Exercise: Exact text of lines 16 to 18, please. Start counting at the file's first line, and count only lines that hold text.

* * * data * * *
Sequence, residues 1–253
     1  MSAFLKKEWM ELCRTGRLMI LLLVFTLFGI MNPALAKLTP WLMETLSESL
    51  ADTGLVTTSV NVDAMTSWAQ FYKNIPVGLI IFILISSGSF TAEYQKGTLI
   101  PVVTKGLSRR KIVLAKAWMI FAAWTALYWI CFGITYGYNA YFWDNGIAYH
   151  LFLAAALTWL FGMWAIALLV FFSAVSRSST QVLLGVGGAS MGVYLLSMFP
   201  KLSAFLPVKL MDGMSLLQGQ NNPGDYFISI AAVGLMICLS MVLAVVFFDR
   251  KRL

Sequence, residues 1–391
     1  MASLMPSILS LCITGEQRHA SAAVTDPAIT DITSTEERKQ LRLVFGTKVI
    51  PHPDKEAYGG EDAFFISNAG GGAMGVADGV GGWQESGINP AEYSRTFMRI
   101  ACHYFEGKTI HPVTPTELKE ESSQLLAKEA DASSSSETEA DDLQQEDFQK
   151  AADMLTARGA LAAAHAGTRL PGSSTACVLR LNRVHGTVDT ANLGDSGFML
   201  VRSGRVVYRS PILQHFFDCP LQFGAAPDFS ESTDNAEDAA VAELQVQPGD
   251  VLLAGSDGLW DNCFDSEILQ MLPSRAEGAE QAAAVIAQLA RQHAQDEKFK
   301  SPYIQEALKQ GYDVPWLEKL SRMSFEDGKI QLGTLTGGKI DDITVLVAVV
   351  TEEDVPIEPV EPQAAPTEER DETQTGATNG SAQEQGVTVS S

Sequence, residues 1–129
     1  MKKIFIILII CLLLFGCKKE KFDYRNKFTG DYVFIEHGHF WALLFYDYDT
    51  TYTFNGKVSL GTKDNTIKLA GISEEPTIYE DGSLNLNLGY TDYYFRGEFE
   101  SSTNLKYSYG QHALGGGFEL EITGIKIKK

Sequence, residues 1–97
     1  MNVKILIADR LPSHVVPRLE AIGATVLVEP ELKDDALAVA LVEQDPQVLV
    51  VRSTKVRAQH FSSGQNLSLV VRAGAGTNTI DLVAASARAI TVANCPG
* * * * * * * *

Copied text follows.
   351  TEEDVPIEPV EPQAAPTEER DETQTGATNG SAQEQGVTVS S

Sequence, residues 1–129
     1  MKKIFIILII CLLLFGCKKE KFDYRNKFTG DYVFIEHGHF WALLFYDYDT